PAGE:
Since the emergence in the 1970s, Teikei has been building a trust-based relationship between producers and consumers in search of an alternative food system. Non-customizable vegetable box has been situated as the main food practice with which Teikei philosophy is expressed; both rewards and risks that farming entails being shared by both growers and eaters. The set of organically grown vegetables produced by Teikei farmers varies in volume and item depending on the season and farming condition, reflecting one of the ten Teikei principles “accepting all the produce”. This aspect is what makes Teikei food practices unique, consumers need to develop an eating habit and skills to make their meals adaptive to what the season offers.
While the consumers’ flexibility in support of organic farmers has been playing the pivotal roles to move the organic agriculture movement forward in Japan, this feature is now considered as one of the negative factors causing the decline of Teikei, given the challenging situation that many of Teikei groups face by losing its members.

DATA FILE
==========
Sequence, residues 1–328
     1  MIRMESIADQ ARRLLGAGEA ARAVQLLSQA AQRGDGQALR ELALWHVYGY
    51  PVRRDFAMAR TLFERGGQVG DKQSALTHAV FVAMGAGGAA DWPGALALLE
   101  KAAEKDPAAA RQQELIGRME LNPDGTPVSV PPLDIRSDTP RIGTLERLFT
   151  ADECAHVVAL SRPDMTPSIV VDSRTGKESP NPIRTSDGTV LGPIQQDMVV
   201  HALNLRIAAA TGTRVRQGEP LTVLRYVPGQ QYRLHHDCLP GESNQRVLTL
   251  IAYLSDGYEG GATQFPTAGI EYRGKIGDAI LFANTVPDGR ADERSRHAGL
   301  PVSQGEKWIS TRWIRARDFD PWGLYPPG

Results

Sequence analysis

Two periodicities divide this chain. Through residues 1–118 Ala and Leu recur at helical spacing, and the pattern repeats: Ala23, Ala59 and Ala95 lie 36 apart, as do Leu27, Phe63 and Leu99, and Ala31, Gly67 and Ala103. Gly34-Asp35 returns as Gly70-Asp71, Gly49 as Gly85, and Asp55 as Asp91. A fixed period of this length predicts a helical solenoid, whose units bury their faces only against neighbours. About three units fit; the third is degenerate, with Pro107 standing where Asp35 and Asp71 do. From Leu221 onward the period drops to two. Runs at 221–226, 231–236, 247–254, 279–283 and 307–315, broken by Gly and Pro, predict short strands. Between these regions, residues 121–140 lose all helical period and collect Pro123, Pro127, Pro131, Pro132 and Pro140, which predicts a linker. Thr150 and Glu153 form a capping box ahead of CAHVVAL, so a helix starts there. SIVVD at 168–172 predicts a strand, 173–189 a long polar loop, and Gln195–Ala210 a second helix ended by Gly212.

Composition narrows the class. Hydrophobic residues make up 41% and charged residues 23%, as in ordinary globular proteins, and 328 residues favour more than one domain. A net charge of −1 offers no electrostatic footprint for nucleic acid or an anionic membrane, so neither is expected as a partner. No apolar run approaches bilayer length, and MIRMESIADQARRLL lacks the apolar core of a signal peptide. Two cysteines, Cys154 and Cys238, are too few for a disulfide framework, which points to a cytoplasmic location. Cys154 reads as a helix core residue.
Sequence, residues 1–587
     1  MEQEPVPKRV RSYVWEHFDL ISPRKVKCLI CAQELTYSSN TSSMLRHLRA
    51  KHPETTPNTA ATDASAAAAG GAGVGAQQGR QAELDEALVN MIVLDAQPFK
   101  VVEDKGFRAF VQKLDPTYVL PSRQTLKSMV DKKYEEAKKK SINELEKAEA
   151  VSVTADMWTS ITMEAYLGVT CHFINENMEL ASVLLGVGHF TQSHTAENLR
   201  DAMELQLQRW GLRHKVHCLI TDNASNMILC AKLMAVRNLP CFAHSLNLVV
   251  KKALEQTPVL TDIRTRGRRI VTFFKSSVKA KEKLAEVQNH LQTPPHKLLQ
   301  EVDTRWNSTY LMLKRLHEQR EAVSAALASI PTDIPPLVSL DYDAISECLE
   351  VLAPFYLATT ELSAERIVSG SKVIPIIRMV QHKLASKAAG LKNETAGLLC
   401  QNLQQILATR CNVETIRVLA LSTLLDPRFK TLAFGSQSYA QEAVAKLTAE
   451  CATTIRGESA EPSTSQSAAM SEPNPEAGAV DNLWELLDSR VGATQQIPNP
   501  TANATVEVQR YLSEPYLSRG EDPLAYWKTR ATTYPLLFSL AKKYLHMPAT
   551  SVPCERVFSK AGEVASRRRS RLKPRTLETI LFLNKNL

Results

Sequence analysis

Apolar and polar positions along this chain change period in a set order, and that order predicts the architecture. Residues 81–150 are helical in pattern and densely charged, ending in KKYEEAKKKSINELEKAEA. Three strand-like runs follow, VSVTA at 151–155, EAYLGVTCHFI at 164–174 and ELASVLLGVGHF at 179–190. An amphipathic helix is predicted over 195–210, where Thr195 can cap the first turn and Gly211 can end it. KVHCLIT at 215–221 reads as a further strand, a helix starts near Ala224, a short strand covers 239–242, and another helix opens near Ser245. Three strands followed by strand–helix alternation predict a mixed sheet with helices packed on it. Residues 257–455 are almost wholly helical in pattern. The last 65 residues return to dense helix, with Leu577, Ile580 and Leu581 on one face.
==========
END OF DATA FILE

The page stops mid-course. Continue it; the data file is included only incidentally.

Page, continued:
This paper is to examine, with the Theory of Practice as a framework, the vegetable box of a well-established Teikei group in Kyoto as a case study to illustrate how Teikei food practice is shaped and sustained over time. The results illuminate the role that non-customizable aspect of the vegetable box plays in binding the elements of practice and thus, resulting in the consumers’ food practice to be sustained. The author, by revisiting Teikei movement, argues the importance of the non-customizable aspect of vegetable box to be re-evaluated in search of more just and sustainable food practices.